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Employee had no right to have private
attorney representation at arbitration

Kolkowski v. Ashtabula Area Teachers Assn (Ohio Ct App 09/06/2022) http://case.lawmemo.com/oh/Kolkowski.pdf
Sent to Custom Alerts™ subscribers on 09/09/2022

Barbara Kolkowski had a grievance against the School Board that employed her. Although she was not a member of the Teachers Association, the Association serves as the exclusive collective bargaining representative for School Board employees.

When Kolkowski's grievance advanced to the arbitration stage, she wanted to decline representation by the Association's counsel and to be represented by her own lawyer at her own expense. However, the Association denied her request, and she sued the Association and the School Board.

The trial court dismissed her case, and the Ohio Court of Appeals affirmed.

The collective bargaining agreement between the Association and the School Board provides that in arbitration proceedings, the “aggrieved shall be represented by the Association.” The Court of Appeals held that Kolkowski lacked standing to compel the School Board or the Association to allow her to arbitrate her claim with her own counsel because she "is not a party to the CBA and the CBA does not grant her the right to independently arbitrate this matter."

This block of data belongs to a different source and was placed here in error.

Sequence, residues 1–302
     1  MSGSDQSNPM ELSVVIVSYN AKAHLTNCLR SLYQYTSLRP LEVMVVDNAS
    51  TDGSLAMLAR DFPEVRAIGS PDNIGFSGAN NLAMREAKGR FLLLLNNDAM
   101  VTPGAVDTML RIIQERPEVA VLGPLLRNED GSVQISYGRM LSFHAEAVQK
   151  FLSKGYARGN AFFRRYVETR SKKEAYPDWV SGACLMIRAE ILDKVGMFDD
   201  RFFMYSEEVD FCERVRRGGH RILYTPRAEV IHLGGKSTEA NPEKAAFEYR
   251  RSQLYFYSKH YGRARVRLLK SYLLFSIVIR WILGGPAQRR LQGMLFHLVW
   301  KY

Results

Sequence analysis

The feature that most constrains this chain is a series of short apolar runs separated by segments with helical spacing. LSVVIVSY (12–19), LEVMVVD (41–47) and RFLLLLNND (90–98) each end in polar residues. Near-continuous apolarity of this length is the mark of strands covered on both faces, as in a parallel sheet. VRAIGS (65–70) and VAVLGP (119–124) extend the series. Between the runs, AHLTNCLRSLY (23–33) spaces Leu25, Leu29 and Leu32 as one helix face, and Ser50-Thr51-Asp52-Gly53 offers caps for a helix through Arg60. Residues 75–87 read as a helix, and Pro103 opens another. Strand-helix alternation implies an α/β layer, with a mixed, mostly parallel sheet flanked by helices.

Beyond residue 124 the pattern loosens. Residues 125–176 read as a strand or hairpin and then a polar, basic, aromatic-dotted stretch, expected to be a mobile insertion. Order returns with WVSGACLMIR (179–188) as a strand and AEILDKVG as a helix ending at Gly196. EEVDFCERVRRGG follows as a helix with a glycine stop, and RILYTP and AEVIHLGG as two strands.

Kolkowski also argued that the clause in the CBA requiring her to use Association representation for arbitration violates the constitutional rights of free speech, free association, and her right to retain the counsel of her choosing. The Court of Appeals rejected these arguments, saying "the government is not required to listen to her in the context in which she demands. Instead, the Board has the right to choose not to listen to her, which it has through its negotiation of the arbitration terms in the CBA. Without the CBA, [Kolkowski] would have no right to pursue any grievance with her employer at all."

Finally, the court said:

It is incongruous with the principles of collective bargaining for appellant to argue that she has rights to free speech and due process which entitle her to be represented by the counsel of her choosing at a proceeding which she herself is not legally entitled to initiate. It would be incongruous for appellant to possess a constitutional right to hire her own attorney for an arbitration proceeding which is an optional portion of a negotiated grievance procedure between the Association and the Board. Finally, it is incongruous for appellant to individually assert a right to enforce the CBA in arbitration, the result of which may well affect the rights of other Association members under the CBA.

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